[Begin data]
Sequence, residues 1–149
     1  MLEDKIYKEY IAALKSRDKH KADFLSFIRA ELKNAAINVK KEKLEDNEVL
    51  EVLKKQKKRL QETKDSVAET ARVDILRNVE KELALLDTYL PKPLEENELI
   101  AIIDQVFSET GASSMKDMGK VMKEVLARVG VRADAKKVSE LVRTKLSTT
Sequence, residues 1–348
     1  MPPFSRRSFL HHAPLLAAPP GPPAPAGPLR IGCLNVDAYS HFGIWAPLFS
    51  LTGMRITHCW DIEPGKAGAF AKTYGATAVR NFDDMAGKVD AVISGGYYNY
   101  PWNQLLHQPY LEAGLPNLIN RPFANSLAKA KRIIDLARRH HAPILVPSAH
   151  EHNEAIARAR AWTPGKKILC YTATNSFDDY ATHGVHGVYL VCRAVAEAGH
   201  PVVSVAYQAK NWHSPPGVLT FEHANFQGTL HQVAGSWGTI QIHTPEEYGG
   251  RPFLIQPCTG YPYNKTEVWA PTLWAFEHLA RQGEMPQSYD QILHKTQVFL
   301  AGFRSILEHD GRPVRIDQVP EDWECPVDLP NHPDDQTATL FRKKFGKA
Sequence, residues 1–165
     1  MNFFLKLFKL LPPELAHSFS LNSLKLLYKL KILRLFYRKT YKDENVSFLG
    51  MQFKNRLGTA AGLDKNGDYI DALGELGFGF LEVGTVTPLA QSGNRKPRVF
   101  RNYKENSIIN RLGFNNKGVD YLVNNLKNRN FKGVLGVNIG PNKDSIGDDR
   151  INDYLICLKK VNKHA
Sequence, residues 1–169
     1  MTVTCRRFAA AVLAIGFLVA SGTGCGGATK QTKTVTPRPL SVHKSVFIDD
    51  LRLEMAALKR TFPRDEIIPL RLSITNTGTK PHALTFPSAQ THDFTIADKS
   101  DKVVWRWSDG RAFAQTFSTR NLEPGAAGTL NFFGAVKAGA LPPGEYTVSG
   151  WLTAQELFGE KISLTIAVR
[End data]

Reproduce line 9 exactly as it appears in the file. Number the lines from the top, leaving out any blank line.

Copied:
   151  EHNEAIARAR AWTPGKKILC YTATNSFDDY ATHGVHGVYL VCRAVAEAGH